Competition at the Highest Levels



High speeds, long distances, relentless competition. In Paralympic cycling, athletes race the clock or each other -- and they race to win.
Cycling is open to athletes with a variety of disabilities. Those who are visually impaired or blind compete on tandem bicycles with a sighted teammate. Those with cerebral palsy compete using standard racing bikes or, in some classes, tricycles. Amputees and athletes with other locomotor disabilities compete in road races using cycles specifically constructed for their needs; an example is handcycling, for athletes who normally use a wheelchair.

Paralympic cycling is also divided between road and track events. It is not an adaptive sport: Paralympians compete under the same rules and regulations as Olympic cycling, and race at distances from 5 km to 65 km. Track cycling events include speed trials as short as 200 meters, time trials, relay races, and individual pursuits.

America’s 2008 Gold Medalists:
Barbara Buchan – Women’s Individual Time Trial (road), Women’s Individual Pursuit (track)
Oz Sanchez – Men’s Individual Time Trial (road)
Karissa Whitsell and Mackenzie Woodring (pilot) – Women’s Individual Time Trial (road)
Jennifer Schuble – Women’s 500m Time Trial (track)

Top Contenders:
Great Britain has strong teams, both for men and women, winning 17 golds at Beijing and enjoying home advantage in 2012.
Other top teams: Team USA, Australia, France.

Paralympics 2012 Competition:
Road Cycling: Sept. 5-Sept. 9
Track Cycling: Aug. 30-Sept. 2

Athlete Classifications

Cycling is open to athletes with cerebral palsy, visual impairment, amputations, spinal cord injury, and other disabilities. It has one of the most complex classification systems.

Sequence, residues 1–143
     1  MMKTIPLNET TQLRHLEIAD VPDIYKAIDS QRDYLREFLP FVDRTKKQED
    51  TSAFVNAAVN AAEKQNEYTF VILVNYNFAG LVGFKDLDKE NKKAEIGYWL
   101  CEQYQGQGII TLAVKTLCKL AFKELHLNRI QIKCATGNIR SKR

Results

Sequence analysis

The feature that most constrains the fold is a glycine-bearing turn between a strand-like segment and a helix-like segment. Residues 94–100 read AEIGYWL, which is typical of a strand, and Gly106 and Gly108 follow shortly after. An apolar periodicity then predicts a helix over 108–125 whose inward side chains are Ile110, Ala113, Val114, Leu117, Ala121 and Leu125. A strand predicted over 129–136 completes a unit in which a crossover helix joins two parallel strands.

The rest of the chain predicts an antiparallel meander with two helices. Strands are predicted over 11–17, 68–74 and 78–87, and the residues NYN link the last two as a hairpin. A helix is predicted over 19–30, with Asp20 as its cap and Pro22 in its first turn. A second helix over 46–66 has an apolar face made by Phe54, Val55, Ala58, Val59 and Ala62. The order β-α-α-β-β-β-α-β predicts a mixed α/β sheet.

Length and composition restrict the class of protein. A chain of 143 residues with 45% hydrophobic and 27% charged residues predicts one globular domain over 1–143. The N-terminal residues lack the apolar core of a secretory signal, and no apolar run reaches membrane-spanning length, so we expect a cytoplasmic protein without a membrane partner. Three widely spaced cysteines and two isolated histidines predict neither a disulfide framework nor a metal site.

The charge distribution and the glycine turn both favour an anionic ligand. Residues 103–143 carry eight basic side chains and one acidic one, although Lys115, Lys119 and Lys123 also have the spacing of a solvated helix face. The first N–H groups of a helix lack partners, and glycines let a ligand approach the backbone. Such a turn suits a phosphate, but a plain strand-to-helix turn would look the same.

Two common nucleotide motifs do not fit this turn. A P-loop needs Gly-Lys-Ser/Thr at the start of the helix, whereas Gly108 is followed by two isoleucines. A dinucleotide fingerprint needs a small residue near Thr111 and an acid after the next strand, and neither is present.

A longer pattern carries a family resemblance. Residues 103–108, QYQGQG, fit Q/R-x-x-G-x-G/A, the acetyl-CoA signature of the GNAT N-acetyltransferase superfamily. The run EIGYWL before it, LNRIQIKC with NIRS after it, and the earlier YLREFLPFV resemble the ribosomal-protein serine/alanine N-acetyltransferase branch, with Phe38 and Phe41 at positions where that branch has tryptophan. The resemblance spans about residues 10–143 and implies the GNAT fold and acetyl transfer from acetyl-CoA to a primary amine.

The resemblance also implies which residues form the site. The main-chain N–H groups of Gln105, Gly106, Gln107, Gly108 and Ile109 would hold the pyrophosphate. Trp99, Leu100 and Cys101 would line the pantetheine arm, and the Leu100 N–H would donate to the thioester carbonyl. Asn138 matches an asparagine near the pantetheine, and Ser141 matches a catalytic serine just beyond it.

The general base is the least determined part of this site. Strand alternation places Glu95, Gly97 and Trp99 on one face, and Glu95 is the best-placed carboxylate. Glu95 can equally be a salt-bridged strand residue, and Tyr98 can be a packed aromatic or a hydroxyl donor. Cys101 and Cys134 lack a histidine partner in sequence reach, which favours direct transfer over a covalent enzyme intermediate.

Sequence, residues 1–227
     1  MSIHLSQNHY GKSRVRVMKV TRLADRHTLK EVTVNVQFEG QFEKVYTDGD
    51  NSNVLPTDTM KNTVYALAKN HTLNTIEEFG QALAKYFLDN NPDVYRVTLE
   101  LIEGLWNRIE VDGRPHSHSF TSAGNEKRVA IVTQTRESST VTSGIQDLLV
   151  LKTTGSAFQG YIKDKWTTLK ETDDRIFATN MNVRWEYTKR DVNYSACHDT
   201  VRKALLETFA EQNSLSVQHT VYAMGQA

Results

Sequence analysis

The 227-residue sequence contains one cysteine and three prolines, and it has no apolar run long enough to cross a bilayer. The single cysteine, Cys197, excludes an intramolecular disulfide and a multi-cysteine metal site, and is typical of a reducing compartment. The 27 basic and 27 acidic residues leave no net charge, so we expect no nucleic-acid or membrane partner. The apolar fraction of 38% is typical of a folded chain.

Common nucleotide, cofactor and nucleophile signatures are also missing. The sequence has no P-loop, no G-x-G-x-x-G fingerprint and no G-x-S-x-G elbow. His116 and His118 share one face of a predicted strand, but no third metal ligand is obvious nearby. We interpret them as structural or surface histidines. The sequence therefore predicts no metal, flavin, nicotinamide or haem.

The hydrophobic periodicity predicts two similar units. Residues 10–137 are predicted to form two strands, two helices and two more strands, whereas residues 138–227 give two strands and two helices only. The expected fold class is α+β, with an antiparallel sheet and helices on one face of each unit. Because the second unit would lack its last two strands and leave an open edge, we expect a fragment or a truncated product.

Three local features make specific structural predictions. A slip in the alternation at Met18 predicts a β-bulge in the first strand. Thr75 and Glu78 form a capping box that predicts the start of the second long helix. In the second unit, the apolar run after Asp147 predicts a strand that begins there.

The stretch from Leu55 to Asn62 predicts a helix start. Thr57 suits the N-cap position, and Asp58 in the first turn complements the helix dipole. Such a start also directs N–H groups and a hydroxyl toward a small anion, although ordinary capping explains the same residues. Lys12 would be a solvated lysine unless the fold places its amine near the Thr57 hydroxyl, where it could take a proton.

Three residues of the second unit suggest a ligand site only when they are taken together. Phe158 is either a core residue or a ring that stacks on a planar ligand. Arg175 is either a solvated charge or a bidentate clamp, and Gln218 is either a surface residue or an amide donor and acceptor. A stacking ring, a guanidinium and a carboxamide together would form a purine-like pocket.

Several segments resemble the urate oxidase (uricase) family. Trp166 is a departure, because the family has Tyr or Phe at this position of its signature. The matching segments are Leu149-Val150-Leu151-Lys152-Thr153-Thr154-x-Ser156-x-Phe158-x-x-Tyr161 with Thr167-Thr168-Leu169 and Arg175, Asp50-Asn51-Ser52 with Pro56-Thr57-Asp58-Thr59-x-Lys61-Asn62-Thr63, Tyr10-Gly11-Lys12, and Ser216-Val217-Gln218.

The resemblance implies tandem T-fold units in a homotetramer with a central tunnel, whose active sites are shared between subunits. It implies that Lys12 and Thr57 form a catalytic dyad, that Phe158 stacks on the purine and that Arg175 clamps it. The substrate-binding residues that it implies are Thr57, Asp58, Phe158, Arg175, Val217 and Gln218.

Athletes who are blind or visually impaired compete with no classification system. They ride tandem with a sighted “pilot.”

Athletes who cannot compete on standard, leg-driven cycles use handcycles and tricycles. Handcycle athletes are divided into four classes: Handcycle 1 (H1) is for athletes with severe loss of trunk stability and leg function, and severely impaired upper limb function. Athletes with higher function and stability are in classes H2 and H3, and H4 is for athletes who can kneel on the handcycle.

Tricycle athletes are divided into two classes: Tricycle 1 (T1) is for athletes with severe locomotor disfunction and insufficient balance for cycling. T2 is for athletes with more moderate loss of stability and function.

Athletes who can use a standard cycle, including amputees, athletes with spinal cord injuries, and other injuries, compete in five groups:

Class Disability


Cyclists with upper or lower limb disabilities and most severe neurological disfunction.


Riders with upper or lower limb impairments and moderate to severe neurological disfunction.


Cyclists with upper or lower limb disabilities and moderate neurological disfunction.


Cyclists with upper or lower limb impairments and low-level neurological impairment.


Cyclists with least impairment, including single amputation and minimal neurological disfunction.

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